Refractions, and finally Z depth. There we go now after you render, you will see all the render elements in this drop down box here. Of course you don’t have to render all of these, I’m just doing it as an example. Also keep in mind that the more render elements you add, the longer it will take to render. Before I save them, I’m going to make some adjustments and add some effects. If I click here on the force color clamping button, it will show me the areas that are too bright. To fix this, I can open up the correction controls and turn on Exposure, click here to show its settings, and turn down highlight burn until I can’t see the clamped colors anymore. Now to add some effects, I’m going to click here to open up the lens effects settings. Here you can add different types of effects, and in this case, I want to add a glare effect. So I’m going to check this box, and make some adjustments here. Once that’s done, I can save all the render elements with this button here. Now that’s done, I’m going to find my RGB channel which is the one without any extra name at the end, and open it up in Photoshop. If you look closely, our render has quite a bit of noise, this is when the denoiser come in handy. I’m going to import the Denoiser and compare the two. As you can see, the Denoiser did a great job of reducing the noise in our rendering. But let’s say I want to reduce the noise even more,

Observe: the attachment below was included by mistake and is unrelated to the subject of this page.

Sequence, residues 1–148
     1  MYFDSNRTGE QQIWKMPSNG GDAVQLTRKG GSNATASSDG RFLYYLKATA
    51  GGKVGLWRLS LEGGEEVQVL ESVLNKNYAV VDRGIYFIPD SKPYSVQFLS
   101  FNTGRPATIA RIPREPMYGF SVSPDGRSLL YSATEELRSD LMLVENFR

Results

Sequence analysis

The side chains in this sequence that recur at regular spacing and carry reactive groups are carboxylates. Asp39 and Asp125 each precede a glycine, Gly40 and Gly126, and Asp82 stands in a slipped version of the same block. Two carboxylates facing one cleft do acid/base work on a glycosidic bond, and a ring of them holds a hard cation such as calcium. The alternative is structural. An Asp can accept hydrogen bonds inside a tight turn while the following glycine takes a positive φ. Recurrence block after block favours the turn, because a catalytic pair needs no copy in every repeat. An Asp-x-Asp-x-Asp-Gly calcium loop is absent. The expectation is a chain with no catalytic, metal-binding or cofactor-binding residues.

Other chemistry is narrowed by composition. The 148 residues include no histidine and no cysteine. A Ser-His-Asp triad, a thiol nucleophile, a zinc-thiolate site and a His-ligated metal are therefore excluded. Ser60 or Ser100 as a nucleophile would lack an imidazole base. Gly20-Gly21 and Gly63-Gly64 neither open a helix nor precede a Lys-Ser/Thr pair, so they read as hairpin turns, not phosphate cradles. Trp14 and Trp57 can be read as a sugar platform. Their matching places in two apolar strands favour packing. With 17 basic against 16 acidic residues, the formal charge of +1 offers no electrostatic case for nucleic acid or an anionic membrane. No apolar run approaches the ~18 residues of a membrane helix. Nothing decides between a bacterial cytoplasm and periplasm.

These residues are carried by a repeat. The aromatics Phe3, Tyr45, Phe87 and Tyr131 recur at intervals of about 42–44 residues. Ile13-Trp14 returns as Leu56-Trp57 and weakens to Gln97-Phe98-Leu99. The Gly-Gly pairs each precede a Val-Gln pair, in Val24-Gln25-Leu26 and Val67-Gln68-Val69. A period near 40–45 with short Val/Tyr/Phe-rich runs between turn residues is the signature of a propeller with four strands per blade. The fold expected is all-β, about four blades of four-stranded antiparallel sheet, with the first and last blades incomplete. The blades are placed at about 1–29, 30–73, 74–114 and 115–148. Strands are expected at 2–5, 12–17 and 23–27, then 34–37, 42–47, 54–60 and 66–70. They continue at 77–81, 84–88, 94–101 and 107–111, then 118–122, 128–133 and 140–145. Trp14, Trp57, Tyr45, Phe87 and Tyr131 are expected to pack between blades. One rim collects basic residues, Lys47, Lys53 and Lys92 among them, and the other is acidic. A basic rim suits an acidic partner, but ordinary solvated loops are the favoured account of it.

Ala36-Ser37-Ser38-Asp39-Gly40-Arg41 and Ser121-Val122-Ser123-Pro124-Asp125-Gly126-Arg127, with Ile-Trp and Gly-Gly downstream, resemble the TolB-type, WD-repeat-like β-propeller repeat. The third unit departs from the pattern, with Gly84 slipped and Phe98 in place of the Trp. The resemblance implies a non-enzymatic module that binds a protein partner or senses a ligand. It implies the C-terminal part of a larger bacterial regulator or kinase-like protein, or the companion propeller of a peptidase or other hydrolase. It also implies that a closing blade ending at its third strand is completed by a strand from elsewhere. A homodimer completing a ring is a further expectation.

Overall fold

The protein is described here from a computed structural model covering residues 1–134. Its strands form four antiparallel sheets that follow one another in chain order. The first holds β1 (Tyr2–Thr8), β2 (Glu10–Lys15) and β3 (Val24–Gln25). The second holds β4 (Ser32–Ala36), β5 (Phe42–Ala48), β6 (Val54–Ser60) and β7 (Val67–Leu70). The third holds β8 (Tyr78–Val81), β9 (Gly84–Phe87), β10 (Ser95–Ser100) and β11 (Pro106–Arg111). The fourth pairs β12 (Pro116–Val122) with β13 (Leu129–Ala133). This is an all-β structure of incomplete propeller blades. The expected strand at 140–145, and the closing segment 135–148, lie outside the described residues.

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I can go to Filter – Noise – Reduce Noise. Now I can set the strength here But keep in mind that if it’s too strong then you’ll start to lose details. If so then just go back and reduce the strength to a more appropriate setting I think that’s pretty good. Since the denoiser channel is our base render now, I can turn off or delete the RGB channel. Next I’m going to adjust the base render, just click on the layer, and go to Filter – Camera Raw Filter. Here I’m going to increase the Exposure to brighten up the image, then I can pump up the contrast a little, and also brighten up the shadows. There we go, it’s already looking good. Next I will bring in the effects channel to add glare. You can see that it’s darker than our base render. So I’m going to hold down Alt and Left click then camera raw filter to Copy the adjustments from base image to the effects channel. You can see that the glare is affecting everything in our render. But let’s say I don’t want that, then I can just go down here, and Alt+Left Click the layer mask to put mask out everything. Now I can paint white on parts where I want the effects to show which is where the lights are. There we go. So for the background of this picture, I’m going to add an ocean. Then just like the base render, I’m going to apply a Camera Raw Filter to adjust the image. I just want the shadows of this image a little brighter so I can increase the shadows like so. I really like the mountain right here, but not so much the water. So I can press W for the magic wand tool and use it select the part of this image that I don’t want, I can change it to the quick selection tool as well. Once I’m happy with my selection, I’ll go down and Alt+Left click the layer mask to mask that part out. Now I can import another background image of the ocean with the water that’s a little more blue. And I’ll place it below the other background then resize it and reposition to however I see fit. To clean up the image, I can select the layer mask, and use the brush tool to paint white on the that I want to be more visible, and paint black on the parts that I want to be less visible. With some quick work, you can make it look pretty good! Although the water is too blue and it’s a little distracting, so I’m going to use Camera Raw Filter to adjust it a little bit like so. There we go, that’s better. For the next part, I will bring in the Extratex render element, which is also an Ambient Occlusion pass in this case. Now I can put it on top and set the blend mode to Multiply and reduce the Opacity to 20%. There we go, now it gives the render a little more depth. As you can see, the floor looks a little too bright, and it seems to have lost some details of the wood flooring. So I’m going to bring in the Diffuse render element. And set it to Soft light, you can see that the floor looks better, but the other parts of the render looks terrible! So we only want this render channel to affect that part of the image. We can do that by manually make a selection with the lasso tool, and then mask it out using layer mask. But, there’s a better way to do it so I’m going to delete the layer mask and show it to you. First, we need to import the material ID channel. This is a very useful image that you can use as a selection tool to make it easier to select surfaces with the same material in your rendering. Let’s say I want to select the wood material on these shelves, then I go to the Material ID, select it with the magic wand tool, hold shift to add and hold alt to subtract selections. Also, you can turn off Contiguous to select all of the same color at once. In this case, I’m not interested in selecting these shelves, but rather this wood floor, so I can go to the Material ID layer and select it then turn that off, go to my diffuse layer, and click this button here to mask out the rest of the image. As you can see, with the mask, now the diffuse channel only affects the wood floor. For the next part, let’s import the RawLight render element. Then I’ll set the blend mode as soft light and drop the opacity down to 20%. Next I’ll bring in RawShadow render element Then I’ll set this as Soft light as well, and bring the opacity down to 25%. As you can see these two images are good for adjusting the lighting and shadows of your render to give it a bit more contrast. Now I want to add a reflection of the ocean water on the refrigerator to make it look more realistic. So to do that, first I’m going to hold down Alt and Left click then drag the ocean background layer to duplicate it and bring it to the top. Then I’ll set it as Linear Burn. Next I’m going to use the Material ID and select only the material of the refrigerator. Now I can turn the Material ID Layer off and select the ocean layer, then click here to create a layer mask base on our selection. As you can see, it’s starting to give us that reflection we want, but it’s a little too much. We can decrease the opacity but the reflection still looks darker than it was. So I’m going to import the Reflection render element and set the blend mode as screen. Next I’ll hold Alt and Left click then drag the layer mask from the ocean background to our Reflection channel. There you go, that’s already looking better. If the reflection is too bright, you can turn down the opacity like so. Now that looks good, but if you look closely, the reflection of the ocean is actually on top of the door frame as well, and that’s not right. So we can select the mask on our ocean image, and use the brush tool to paint black wherever the door frame is. That way, the reflection of the ocean is only visible wherever the glass is. Now I can group these two layers and compare the before and after. The effect is very subtle, but it looks more realistic now! Next we will add the Refraction channel, and set the blend mode as screen. Then turn down the opacity to 50%. As you can see, the refraction channel is really good for adjusting the glass materials in your rendering. Next I’m going to import the Z-depth render element to create a depth of field effect in my rendering. First, first I’m going to turn this layer off, and select the top visible layer, then press Ctrl+Alt+Shift+E to merge all of the visible layers into a new one. Then I’m going to add a layer mask by clicking here. To make the file more organized, I’ll select all the layers below this and press Ctrl+G to group them up, then I’ll turn them off for now Now I can turn on the Z-depth channel, select that layer, and press Ctrl+A to select the whole image, then press Ctrl+C to copy. I’ll turn the Z-depth channel off and Alt+Left Click on this layer mask and press Ctrl+V paste it there. Now I can click here to go back to the main image. As you can see, it’s looking a little odd, but just hold on for a second. With the layer selected, we can go up to Filter – Blur – Lens Blur. For the source of your depth map, click the drop down box and select layer mask. Now you can just click on a part of the image that you want the camera to focus on. There you go, pretty cool huh? But if you notice the window, there seems to be some kind of error happening around this area. So let’s cancel this and go back a few steps. I’ll turn this off for now, and turn on the Z-depth. As you can see, this area of my Z-depth is transparent, that’s why it created those errors. So what I’m going to do now i go down and click here, then create a solid color layer, I’ll set that as black and I’ll place it under my Z-depth layer. Then I will select both of these layers, and right click, merge the layers. There we go, now I can Ctrl+A and Ctrl+C to copy this, then turn this layer off, and turn the other layer back on, Alt+Left Click here to go to the layer mask, and press Ctrl+V to Paste the image here. Now we can select the main image, go to Filter – Blur – Lens Blur you can see that there are no errors at the glass area anymore. Now we can press Okay. But it still looks weird here, all we need to do is just Shift and Left click the layer mask to turn it off. There we go, now we can turn on the group and compare the before and after. For the last part, I’ll just add some glare to the image, then stylize with Nik Collection, make some final adjustments with Camera Raw Filter and I’ll use the Curves on here as well and there we go, our image is finished! And that’s how you can use render elements to composite your rendering in Photoshop. If you want this file along with my model, remember to sign up on my Patreon before the end of March to get it at a cheaper price. After that it will be on Gumroad for $10. I’d also like to thank my members on Patreon , you guys are amazing! And that is all for today guys, leave a like if you enjoyed the video. Comment below if you have any questions. Stay inspired guys, and I will see you, next time ^.^